Not for my face, but I get eczema patches on my body from indoor heat. I wear heavier creams and apply more often, especially to my hands, feet, and elbows.

Christine described our climate here perfectly. It’s usually quite dry, low humidity. In the “winter”, all I usually just start adding The Ordinary Virgin Marula Oil or Rosehip Oil to my routine after I’ve already applied my “winter” moisturizer, Drunk Elephant Protini Peptide Cream.

I was dry even in Florida – I used Aquaphor as an occlusive every night over emollient moisturizer and was just hydrated enough. Since moving to NYC I’ve had to ditch facewashing in the morning and just use a damp soft cloth and all a HA serum morning and night under my moisturizer, along with oil to top it off. I’ve had to switch to even more emollient moisturizers and more hydrating oils, do some layering and use a humidifier in the winter. Prior to living here I’d never had an issue with dryness in cold climates (Massachusetts in my childhood and four years of college in Iowa) but as I’ve gotten older I’ve gotten even dryer, so I had to switch body products too because for the first time ever I started itching. (Curel Anti Itch bodywash and lotion have been holy grails for that.)

I have oily skin and live in the Hudson Valley where it’s as humid as Miami for many months. In the winter the only thing that takes a beating dry and cracked wise are my hands. I have been using Clarins Hand and Nail Treatment Cream for almost 30 years. It works so I don’t try and find a cheaper dupe. For many years I loved the lemony smell, not so much anymore but it’s tolerable because it heals my skin.

It can get very cold and windy here in Melbourne town, especially in the outer East where Iive, close to the hills/mountains, so you do need lip balm, moisturiser for your hands and so on.
As for skincare, I keep to pretty much the same routine and might use a more heavy duty one at night.

Absolutely! As I got older my skin became drier so when the weather becomes cooler, I have to pay more attention to all day and night moisturization. I amp up my mask game during the autumn through winter season to ensure my skin is getting plenty of care. I usually get tired of hearing the “drink water” mantra – but I’ll tell yousomathing as I have gotten older, the water drinking has become my go to ALL YEAR ROUND. Its not just the skin on my face that I pay attention to – I also make sure to aim my moisturization routine fo all over my body. during the cooler months I use a heavier face and body moisturizer. My favorite go to for the past years for my face has been the L’occitanne Shea Butter moisturizer (the heavier one). I also start using face oils more (my go tos have been L’Occitanne Immortelle Divine oil and Youth to the People Superberry face oil). A little of these go a long way to help seal moisture into my face. For my body I love using the L’occitane Almond oil with whatever body lotion I am using. I also love to incorporate a good face serum (last year it was the Clarins Double Serum but this year I am using First Aid Beauty Ultra Repair Hydrating Serum. I try not to use too many different products and once I settle on a routine of certain products, I stick to that for the season. (FYI, I find the spring and summer to be the best months to test out new products because my winter face is more sensitive.)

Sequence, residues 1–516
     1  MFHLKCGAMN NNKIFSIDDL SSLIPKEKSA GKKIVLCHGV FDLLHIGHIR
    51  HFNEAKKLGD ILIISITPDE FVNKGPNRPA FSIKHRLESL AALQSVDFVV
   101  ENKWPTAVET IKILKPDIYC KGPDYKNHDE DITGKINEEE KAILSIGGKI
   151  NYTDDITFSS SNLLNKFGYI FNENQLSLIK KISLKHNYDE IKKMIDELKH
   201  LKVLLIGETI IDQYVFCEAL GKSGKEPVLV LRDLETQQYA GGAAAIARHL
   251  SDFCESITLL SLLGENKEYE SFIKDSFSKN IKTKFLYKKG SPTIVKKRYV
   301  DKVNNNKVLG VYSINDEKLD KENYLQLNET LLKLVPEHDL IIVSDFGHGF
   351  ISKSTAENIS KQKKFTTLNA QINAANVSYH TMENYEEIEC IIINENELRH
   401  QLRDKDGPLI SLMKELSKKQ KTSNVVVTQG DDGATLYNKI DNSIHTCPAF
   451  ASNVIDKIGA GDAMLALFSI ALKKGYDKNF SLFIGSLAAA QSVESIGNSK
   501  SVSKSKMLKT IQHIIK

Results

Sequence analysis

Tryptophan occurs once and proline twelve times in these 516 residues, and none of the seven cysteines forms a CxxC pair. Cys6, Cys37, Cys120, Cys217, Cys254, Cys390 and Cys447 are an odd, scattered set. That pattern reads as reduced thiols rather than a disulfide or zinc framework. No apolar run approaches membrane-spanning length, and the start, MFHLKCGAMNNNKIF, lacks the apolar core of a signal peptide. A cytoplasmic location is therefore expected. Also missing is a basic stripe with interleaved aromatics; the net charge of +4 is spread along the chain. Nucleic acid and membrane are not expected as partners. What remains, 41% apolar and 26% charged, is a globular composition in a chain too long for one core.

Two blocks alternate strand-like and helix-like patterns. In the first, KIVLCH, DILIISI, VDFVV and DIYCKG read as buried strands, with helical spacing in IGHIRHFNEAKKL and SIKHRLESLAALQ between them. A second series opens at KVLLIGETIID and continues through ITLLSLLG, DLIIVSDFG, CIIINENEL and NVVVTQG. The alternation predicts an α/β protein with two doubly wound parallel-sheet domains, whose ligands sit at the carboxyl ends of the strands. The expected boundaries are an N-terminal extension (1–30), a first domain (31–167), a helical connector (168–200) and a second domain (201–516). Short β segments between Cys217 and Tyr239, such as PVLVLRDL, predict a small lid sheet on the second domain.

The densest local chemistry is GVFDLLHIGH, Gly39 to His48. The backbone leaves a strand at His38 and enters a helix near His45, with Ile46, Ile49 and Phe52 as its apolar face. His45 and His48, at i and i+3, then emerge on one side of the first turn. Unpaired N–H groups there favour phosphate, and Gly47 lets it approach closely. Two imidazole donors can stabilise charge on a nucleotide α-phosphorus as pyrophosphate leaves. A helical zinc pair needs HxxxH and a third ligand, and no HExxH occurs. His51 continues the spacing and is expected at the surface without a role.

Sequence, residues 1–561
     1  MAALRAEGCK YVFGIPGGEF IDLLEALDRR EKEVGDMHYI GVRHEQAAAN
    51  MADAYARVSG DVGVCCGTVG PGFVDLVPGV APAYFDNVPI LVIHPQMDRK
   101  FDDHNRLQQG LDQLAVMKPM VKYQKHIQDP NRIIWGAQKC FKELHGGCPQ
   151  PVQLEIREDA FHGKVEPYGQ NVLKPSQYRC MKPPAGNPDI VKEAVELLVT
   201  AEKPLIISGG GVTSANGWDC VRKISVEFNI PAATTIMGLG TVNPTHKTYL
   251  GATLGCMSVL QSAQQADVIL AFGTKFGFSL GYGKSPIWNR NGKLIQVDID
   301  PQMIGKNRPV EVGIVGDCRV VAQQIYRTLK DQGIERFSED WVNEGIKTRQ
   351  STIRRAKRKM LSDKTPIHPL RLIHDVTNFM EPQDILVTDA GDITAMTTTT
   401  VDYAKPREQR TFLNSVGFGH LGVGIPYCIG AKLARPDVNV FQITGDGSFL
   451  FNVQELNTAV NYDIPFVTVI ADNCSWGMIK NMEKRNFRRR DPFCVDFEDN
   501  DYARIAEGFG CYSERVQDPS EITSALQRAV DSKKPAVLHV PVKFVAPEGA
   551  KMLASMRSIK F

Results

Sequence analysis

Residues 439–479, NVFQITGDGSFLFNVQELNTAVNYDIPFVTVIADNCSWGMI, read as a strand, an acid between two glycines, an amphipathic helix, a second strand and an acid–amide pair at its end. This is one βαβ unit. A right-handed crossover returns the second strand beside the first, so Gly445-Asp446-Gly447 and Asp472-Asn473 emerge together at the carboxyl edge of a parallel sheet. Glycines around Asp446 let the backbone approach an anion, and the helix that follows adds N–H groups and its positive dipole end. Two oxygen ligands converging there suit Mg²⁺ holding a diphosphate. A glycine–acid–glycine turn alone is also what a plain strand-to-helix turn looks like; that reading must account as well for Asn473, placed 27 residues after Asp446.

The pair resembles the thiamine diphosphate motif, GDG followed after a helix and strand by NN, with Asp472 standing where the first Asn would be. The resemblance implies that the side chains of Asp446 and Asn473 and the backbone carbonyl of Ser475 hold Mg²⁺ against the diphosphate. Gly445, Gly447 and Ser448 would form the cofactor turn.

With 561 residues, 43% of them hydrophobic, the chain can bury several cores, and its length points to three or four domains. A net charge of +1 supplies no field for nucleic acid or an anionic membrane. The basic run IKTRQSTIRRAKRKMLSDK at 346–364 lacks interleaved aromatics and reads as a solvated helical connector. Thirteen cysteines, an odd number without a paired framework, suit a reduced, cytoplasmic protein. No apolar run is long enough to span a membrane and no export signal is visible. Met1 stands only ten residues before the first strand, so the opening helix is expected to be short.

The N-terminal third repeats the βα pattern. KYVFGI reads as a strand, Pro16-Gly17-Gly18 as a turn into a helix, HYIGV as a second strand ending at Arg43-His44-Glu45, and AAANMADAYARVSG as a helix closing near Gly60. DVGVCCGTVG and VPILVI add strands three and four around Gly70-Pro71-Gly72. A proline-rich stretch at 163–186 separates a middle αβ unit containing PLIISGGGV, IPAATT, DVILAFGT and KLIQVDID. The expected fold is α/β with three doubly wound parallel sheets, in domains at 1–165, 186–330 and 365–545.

Most of my skincare is the same all year round. I do use lighter moisturizers in the summer and slightly heavier in the winter. The “normal” parts of my combination (oily – normal) gets a bit dry in the winter, the oily parts is still oily.
I use SPF 50 all year round.
We have four seasons here so we do have winter, we can get lots of snow and as I live by the ocean the wind can be quite brutal, I sometime feel odd as I love walking by the ocean when it’s really windy.

Despite living in the Land of No Seasons, my skin does get drier in the winter. However, I’m too lazy to actually have a routine in the first place, so it does not change with the seasons lol